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1.  Cerebral blood flow responses to dorsal and ventral STN DBS correlate with gait and balance responses in Parkinson disease 
Experimental neurology  2012;241:105-112.
Objectives
The effects of subthalamic nucleus (STN) deep brain stimulation (DBS) on gait and balance vary and the underlying mechanisms remain unclear. DBS location may alter motor benefit due to anatomical heterogeneity in STN. The purposes of this study were to (1) compare effects of DBS of dorsal (D-STN) versus ventral (V-STN) regions on gait, balance and regional cerebral blood flow (rCBF) and (2) examine relationships between changes in rCBF and changes in gait and balance induced by D-STN or V-STN DBS.
Methods
We used a validated atlas registration to locate and stimulate through electrode contacts in D-STN and V-STN regions of 37 people with Parkinson disease. In a within-subjects, double-blind and counterbalanced design controlled for DBS settings, we measured PET rCBF responses in a priori regions of interest and quantified gait and balance during DBS Off, unilateral D-STN DBS and unilateral V-STN DBS.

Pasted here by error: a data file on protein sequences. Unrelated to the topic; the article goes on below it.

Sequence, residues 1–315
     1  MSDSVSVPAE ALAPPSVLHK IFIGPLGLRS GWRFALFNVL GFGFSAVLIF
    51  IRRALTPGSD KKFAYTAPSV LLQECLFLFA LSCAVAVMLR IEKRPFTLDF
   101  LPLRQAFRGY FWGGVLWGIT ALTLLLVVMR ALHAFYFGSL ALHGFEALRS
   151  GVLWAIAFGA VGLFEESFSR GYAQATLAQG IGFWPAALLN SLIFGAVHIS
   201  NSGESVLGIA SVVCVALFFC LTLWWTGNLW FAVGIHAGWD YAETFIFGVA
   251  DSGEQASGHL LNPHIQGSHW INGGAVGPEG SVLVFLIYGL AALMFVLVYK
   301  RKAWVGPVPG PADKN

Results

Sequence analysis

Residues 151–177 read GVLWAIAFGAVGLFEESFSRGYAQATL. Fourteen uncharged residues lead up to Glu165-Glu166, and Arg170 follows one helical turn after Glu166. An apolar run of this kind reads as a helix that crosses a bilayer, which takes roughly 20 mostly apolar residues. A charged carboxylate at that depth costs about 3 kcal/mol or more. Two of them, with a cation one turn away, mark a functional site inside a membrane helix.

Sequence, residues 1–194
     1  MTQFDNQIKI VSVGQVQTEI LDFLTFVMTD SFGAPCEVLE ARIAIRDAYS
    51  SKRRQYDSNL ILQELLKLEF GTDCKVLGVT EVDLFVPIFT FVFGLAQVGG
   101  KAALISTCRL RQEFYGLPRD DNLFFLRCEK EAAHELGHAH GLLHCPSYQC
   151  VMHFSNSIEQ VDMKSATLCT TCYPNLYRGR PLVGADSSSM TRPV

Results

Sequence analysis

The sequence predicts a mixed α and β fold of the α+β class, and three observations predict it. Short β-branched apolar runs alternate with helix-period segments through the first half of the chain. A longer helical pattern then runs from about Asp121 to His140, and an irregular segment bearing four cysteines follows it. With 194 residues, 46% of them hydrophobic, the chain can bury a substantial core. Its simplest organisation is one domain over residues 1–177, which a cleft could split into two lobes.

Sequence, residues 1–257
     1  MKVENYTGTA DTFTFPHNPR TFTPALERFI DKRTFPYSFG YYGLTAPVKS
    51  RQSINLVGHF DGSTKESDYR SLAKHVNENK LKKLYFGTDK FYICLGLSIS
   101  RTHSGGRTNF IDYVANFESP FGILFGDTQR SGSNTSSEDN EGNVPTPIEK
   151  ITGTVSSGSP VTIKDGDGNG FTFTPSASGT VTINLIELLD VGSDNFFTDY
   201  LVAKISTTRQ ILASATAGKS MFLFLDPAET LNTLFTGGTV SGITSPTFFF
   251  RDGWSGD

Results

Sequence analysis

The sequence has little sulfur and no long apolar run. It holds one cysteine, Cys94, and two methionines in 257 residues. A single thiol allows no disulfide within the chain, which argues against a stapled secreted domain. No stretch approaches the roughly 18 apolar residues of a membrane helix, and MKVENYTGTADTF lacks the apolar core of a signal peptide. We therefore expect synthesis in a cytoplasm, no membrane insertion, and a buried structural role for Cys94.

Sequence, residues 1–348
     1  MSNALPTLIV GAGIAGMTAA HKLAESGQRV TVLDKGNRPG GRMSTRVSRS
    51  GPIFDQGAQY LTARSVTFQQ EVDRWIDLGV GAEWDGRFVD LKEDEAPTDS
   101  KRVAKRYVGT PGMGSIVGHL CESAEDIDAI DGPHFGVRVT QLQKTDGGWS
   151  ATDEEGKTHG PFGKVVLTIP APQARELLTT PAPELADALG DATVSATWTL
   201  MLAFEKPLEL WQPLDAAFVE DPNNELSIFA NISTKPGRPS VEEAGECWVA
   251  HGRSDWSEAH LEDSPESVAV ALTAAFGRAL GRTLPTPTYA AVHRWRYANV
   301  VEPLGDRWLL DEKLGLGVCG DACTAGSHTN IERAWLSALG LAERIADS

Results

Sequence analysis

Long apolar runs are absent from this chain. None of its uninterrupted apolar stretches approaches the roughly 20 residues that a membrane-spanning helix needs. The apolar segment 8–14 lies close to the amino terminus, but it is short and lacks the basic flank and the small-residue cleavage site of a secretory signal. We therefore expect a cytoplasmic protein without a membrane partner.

Results
DBS of either site increased stride length without producing significant group-level changes in gait velocity, cadence or balance. Both sites increased rCBF in subcortical regions and produced variable changes in cortical and cerebellar regions. DBS-induced changes in gait velocity related to premotor cortex rCBF changes during V-STN DBS (r = −0.40, p = 0.03) and to rCBF changes in the cerebellum anterior lobe during D-STN DBS (r = −0.43, p = 0.02).
Conclusions
DBS-induced changes in gait corresponded to rCBF responses in selected cortical and cerebellar regions. These relationships differed during D-STN versus V-STN DBS, suggesting DBS acts through distinct neuronal pathways dependent on DBS location.
doi:10.1016/j.expneurol.2012.12.003
PMCID: PMC3570746  PMID: 23262122
deep brain stimulation; gait; positron emission tomography; Parkinson disease; subthalamic nucleus
2.  Novel Structural Elements within the Nonproteolytic Clostridium botulinum Type F Toxin Gene Cluster ▿